In my post a while back about researcher autonomy and university strategy I claimed that my research isn’t driven by my passion – and strictly that’s true. I work in a unit which is dedicated to the smooth operation of research education – but it’s still important to me that I have a passion for my research. I know it’s kind of corny (I am Gen X after all, and only really comfortable with sarcasm and irony), but articulating it in this way highlighted that there’s a mission and higher purpose to my everyday work life and this realisation has completely reinvigorated my professional career. Mark helped me to see that all of what I do – reading, researching, writing, blogging – can contribute to this purpose. Even the boring and tedious stuff like sitting on ethics committees and drafting policy papers can be mission related.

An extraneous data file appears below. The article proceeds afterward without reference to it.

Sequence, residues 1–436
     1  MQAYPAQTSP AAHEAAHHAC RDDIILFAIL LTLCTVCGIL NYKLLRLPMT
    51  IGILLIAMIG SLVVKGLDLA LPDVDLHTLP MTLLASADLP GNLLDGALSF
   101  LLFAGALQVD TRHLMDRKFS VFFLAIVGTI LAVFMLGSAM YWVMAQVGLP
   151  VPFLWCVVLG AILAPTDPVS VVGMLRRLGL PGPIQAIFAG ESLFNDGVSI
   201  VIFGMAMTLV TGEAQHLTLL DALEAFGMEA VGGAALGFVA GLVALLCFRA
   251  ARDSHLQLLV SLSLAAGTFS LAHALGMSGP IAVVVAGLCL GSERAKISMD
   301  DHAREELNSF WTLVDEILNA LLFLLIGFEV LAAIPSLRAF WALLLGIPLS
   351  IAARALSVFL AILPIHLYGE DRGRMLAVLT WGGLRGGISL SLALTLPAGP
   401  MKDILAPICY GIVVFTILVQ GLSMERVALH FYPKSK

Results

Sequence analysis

More importantly, the mission helps me decide what not to do. It’s a kind of test, a filter through which I pass potential projects and collaborations. I ask myself, “Does this achieve the mission in some small way?” If not, I will avoid it (if possible).
Most importantly, the mission gives me courage to speak up in the workplace. I am not the sort of person who seeks conflict on my own behalf, but when I feel I am arguing on behalf of someone else I am braver and more assertive.
I think you need to have a sense of mission, something you feel passionately about or are interested in, to be a great researcher. Research takes a lot of thought, energy, and attention, which doesn’t fit neatly into family time. The hours can be long and – let’s face it – the financial rewards are not that great. Working on research for purely strategic reasons can be a bit soul-destroying, and you can’t do your best creative work if your heart isn’t in it.